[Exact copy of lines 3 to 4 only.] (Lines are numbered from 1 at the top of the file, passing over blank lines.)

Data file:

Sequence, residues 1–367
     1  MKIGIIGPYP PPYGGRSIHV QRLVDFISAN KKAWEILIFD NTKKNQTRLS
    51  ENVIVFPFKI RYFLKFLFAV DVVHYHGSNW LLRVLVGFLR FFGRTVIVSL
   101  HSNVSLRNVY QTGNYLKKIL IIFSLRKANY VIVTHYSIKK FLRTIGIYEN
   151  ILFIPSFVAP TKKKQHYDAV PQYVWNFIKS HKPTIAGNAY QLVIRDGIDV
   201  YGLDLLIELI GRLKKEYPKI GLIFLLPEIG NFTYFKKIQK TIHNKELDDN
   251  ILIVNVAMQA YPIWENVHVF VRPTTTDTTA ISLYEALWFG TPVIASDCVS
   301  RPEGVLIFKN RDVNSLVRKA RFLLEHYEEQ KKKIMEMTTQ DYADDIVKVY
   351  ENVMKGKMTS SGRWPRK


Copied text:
    51  ENVIVFPFKI RYFLKFLFAV DVVHYHGSNW LLRVLVGFLR FFGRTVIVSL
   101  HSNVSLRNVY QTGNYLKKIL IIFSLRKANY VIVTHYSIKK FLRTIGIYEN